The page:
Why Millennials Matter: Golf Trends for the Next Generation
This article originally appeared on Golf Business Monitor in January 2017. A follow-up piece is planned for September to find out how tings are going.
Most golf clubs operating in the 21st century know that there are changes afoot in the industry; complex changes that are requiring us to rethink how we attract and retain new members.
One of the biggest changes is the tremendous growth of the millennial market, those born between 1983 and 2000 although there are no formal generational cutoffs. In 2015, Millennials overtook the Baby Boomers as the largest generation in the world, and are now the largest generation in western history.
The 2015 Inkling Report stated that Millennials currently make up one-quarter of the entire U.K. population and are projected to hit 17 million by 2019. In the US, there are nearly 76 million Millennials. This cohort is only now just reaching the peak of their buying power and is the most sought-after consumer market today.
Appealing to Millennials can be a fast-moving target. Generally, millennials are defined as being very social (the “Facebook generation”); the “instant gratification” generation; and the “try before you buy” generation.
This group has also shown a significant preference for spending money on experiences rather than possessions (53% of U.K. Millennials agreed with this statement in the Inkling 2015 report). That’s good news for golf clubs!
Millennials are also one of the most diverse and accepting generations, where the traditional trappings of status hold less significance than in previous generations.
Etchinghill Golf Club (a division of Pentland Golf) in Kent, England, is one golf club that has devised an innovative new program specifically geared towards Millennials.
Etchinghill Golf Club has founded a new division of membership they’ve called “The Ballers” for individuals aged 18-35.
Three tiers of costs corresponding to age ranges were created in order to attract young people, many of whom are still financially struggling after the Recession: 18 to 24, 25 to 29 and 30 to 35 pay £23.85, £46 and £62 per month respectively. For this membership tier, the club also forgoes annual fees in exchange for only monthly dues in order to better justify the value of play.
The model allows for regular access to the course, with a “tribe” of the same age, same interests, and same playing speed. The club also makes a concerted effort to hold weekly meetups where Ballers can play a game and then socialize in the clubhouse afterwards. It’s flexible, affordable, and allows people to play with those of the same age.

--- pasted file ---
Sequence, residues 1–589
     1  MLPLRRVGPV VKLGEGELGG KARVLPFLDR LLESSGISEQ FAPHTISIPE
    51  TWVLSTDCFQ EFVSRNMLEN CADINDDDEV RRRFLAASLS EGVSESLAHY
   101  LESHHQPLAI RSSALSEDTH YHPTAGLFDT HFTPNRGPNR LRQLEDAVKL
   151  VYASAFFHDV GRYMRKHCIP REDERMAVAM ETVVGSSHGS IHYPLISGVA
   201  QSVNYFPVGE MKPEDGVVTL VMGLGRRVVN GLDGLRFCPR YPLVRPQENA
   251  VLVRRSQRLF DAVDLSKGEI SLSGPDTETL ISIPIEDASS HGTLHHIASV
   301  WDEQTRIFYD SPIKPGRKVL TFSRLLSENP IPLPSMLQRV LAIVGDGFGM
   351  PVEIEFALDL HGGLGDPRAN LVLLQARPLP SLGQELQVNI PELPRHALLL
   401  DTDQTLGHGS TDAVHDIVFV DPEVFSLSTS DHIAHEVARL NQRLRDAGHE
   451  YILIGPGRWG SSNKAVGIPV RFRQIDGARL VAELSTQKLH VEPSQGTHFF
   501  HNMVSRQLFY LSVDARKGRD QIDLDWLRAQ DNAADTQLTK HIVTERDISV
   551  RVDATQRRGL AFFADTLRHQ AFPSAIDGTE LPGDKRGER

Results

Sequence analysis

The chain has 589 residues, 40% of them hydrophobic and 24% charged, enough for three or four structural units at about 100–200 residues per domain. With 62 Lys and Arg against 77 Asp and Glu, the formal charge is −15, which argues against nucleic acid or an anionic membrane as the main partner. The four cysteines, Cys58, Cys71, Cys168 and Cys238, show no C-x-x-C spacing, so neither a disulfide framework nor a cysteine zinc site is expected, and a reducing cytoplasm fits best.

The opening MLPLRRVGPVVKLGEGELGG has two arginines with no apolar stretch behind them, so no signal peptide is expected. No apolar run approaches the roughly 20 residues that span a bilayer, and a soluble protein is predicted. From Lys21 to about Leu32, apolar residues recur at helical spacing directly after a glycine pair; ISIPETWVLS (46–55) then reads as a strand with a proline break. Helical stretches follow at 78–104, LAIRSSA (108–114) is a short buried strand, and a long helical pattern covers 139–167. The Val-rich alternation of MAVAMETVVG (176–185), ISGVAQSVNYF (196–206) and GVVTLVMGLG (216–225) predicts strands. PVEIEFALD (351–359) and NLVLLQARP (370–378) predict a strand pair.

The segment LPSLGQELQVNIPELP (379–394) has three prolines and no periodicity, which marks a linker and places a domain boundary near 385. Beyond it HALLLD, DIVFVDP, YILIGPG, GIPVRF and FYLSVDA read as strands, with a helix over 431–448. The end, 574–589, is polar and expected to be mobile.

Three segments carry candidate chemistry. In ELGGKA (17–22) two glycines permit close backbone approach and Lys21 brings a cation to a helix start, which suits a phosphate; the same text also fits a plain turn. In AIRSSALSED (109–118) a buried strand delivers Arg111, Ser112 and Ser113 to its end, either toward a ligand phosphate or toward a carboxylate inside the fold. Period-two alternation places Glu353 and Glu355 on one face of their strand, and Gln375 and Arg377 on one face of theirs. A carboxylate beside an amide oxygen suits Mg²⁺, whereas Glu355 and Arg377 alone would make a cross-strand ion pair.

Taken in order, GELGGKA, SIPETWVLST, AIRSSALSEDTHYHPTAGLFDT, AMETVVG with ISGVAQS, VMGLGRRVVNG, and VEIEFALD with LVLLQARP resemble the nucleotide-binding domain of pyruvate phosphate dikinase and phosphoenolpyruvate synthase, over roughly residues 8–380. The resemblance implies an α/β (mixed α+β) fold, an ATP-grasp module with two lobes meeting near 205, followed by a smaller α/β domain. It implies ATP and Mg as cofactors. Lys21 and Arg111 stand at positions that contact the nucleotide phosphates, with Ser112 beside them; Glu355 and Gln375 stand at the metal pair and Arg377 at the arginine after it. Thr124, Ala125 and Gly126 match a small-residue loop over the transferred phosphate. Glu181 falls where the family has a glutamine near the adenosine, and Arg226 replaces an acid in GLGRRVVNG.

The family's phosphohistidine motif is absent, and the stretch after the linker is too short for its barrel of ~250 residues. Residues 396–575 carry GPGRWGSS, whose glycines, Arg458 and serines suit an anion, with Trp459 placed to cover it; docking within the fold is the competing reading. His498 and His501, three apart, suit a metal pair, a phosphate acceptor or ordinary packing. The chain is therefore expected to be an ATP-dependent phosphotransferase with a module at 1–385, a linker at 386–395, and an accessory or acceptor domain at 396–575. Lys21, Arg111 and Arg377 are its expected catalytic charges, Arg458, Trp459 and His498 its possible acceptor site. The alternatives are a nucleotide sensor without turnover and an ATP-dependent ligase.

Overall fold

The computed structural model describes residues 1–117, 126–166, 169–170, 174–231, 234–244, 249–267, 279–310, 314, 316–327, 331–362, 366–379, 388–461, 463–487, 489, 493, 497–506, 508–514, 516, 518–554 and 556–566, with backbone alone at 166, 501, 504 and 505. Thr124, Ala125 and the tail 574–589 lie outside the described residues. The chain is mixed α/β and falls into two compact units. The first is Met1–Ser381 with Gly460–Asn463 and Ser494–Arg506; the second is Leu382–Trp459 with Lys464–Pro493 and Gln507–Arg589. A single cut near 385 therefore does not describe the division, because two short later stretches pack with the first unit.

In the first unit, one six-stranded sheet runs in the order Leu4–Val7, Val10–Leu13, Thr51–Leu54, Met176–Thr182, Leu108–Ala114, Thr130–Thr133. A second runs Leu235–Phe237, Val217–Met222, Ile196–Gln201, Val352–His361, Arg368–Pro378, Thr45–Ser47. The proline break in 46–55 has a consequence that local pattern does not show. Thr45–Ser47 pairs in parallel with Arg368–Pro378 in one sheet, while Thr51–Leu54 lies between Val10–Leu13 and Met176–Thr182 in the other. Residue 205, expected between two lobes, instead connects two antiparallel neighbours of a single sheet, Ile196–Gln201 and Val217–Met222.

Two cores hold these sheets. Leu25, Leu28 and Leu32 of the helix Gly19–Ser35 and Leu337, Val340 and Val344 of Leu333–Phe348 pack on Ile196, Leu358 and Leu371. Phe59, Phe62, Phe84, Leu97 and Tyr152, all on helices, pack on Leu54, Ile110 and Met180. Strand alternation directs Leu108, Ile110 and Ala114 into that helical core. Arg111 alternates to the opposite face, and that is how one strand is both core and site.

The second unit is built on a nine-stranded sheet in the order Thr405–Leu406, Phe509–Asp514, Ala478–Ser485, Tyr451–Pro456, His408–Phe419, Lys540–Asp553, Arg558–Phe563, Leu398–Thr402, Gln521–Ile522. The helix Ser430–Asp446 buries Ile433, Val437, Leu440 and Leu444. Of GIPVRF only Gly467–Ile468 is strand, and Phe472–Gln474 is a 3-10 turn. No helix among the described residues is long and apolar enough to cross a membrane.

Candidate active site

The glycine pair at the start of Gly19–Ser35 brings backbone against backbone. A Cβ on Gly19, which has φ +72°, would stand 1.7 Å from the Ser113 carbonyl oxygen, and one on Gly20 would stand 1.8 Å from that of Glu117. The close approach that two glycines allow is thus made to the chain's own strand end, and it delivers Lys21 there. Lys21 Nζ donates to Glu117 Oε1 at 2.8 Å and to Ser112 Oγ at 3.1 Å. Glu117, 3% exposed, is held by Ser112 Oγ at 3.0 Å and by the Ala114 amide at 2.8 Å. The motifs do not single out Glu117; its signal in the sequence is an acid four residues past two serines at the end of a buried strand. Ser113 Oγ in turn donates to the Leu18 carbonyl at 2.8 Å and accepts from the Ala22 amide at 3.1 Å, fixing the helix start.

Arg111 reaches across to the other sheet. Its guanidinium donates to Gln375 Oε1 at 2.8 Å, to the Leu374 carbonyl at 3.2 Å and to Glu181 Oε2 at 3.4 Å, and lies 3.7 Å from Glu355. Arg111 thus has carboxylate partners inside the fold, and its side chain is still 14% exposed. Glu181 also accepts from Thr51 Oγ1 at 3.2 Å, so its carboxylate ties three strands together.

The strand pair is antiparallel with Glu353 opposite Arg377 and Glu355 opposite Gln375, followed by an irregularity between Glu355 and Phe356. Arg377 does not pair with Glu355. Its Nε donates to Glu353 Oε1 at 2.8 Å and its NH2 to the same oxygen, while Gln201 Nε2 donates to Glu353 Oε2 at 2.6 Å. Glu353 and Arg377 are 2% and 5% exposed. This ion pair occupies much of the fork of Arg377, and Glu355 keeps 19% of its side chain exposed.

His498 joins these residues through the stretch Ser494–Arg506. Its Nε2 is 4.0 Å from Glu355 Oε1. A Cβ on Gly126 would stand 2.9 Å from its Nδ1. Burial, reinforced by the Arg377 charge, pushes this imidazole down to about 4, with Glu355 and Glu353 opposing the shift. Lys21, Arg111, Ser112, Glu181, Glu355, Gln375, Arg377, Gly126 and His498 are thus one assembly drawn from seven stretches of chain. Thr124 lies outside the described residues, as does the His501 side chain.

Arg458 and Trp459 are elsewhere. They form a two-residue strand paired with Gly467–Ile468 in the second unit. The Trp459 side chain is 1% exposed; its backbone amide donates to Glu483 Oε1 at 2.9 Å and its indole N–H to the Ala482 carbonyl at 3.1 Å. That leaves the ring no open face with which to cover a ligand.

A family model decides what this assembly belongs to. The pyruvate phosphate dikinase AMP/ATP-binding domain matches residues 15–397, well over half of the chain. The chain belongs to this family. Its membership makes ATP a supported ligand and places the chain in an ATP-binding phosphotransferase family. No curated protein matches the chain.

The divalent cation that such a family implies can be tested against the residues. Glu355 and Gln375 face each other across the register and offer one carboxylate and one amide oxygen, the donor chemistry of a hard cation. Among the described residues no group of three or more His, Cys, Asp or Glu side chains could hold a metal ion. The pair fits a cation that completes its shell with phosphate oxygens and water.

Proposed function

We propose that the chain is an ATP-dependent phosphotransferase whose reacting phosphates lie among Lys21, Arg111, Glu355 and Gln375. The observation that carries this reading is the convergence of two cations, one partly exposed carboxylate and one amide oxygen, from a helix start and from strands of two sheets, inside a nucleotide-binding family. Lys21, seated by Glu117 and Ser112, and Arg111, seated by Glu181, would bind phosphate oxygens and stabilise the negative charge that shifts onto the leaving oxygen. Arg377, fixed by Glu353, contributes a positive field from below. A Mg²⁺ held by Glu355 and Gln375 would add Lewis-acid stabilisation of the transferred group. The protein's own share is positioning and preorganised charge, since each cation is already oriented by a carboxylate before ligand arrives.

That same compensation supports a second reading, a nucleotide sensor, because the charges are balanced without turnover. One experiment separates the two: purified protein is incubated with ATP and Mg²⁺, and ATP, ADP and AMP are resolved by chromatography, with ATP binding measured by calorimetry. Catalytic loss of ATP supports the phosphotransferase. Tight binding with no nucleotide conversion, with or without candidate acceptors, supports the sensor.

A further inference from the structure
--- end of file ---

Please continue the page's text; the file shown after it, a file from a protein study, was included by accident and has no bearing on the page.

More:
The club encourages Ballers to bring their friends and acquaintances to check out the club and the game of golf in a low-impact, fun, and less intimidating environment.
The EGCOA reported in December:
“It is still early days for the Ballers of Kent, but so far things are coming on strong. The programme launched at the end of September 2016, 2 months in and it has attracted 25 ballers in a time period when new memberships usually dying down. The most exciting thing for Andy [Andy Wilson, Sales Manager] is that this has been a soft launch, with a heavy social media marketing campaign already planned out for March.”
Etchingham’s model is a unique one that many other golf course operators will be keeping an eye on in the first half of 2017. If it succeeds, you can expect many others to adopt a similar idea—will you be one of them?
Whitney Reid Pennell, president of the RCS Hospitality Group, is a celebrated management consultant, educator, and speaker. RCS, the creators of Food and Beverage Service Boot Camp™, specializes in operations consulting, strategic planning, food and beverage management, and training programs for private clubs, fine dining restaurants, and luxury resorts and hotels. For more information, phone (623) 322-0773; or visit the RCS website at www.consultingRCS.com.
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